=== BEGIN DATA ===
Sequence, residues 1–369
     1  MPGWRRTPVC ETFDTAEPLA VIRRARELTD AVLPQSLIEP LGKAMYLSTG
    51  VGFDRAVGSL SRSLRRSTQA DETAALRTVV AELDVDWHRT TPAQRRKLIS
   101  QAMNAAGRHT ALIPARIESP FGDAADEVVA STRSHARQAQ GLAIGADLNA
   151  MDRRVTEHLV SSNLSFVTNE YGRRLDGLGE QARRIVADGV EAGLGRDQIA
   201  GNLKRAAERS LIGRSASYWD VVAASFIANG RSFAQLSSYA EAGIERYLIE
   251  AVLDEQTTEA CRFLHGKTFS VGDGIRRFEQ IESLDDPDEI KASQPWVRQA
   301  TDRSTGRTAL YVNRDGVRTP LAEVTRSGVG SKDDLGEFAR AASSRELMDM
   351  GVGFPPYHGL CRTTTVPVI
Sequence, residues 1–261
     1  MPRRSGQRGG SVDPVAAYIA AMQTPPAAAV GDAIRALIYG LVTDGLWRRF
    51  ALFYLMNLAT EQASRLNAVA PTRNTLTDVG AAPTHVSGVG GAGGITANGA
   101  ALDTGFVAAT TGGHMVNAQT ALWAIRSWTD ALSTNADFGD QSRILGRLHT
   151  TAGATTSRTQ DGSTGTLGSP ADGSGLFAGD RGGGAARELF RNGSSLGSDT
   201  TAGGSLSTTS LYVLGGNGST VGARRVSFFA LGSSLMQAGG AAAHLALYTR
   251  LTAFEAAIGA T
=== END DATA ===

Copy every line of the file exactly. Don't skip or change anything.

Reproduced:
Sequence, residues 1–369
     1  MPGWRRTPVC ETFDTAEPLA VIRRARELTD AVLPQSLIEP LGKAMYLSTG
    51  VGFDRAVGSL SRSLRRSTQA DETAALRTVV AELDVDWHRT TPAQRRKLIS
   101  QAMNAAGRHT ALIPARIESP FGDAADEVVA STRSHARQAQ GLAIGADLNA
   151  MDRRVTEHLV SSNLSFVTNE YGRRLDGLGE QARRIVADGV EAGLGRDQIA
   201  GNLKRAAERS LIGRSASYWD VVAASFIANG RSFAQLSSYA EAGIERYLIE
   251  AVLDEQTTEA CRFLHGKTFS VGDGIRRFEQ IESLDDPDEI KASQPWVRQA
   301  TDRSTGRTAL YVNRDGVRTP LAEVTRSGVG SKDDLGEFAR AASSRELMDM
   351  GVGFPPYHGL CRTTTVPVI
Sequence, residues 1–261
     1  MPRRSGQRGG SVDPVAAYIA AMQTPPAAAV GDAIRALIYG LVTDGLWRRF
    51  ALFYLMNLAT EQASRLNAVA PTRNTLTDVG AAPTHVSGVG GAGGITANGA
   101  ALDTGFVAAT TGGHMVNAQT ALWAIRSWTD ALSTNADFGD QSRILGRLHT
   151  TAGATTSRTQ DGSTGTLGSP ADGSGLFAGD RGGGAARELF RNGSSLGSDT
   201  TAGGSLSTTS LYVLGGNGST VGARRVSFFA LGSSLMQAGG AAAHLALYTR
   251  LTAFEAAIGA T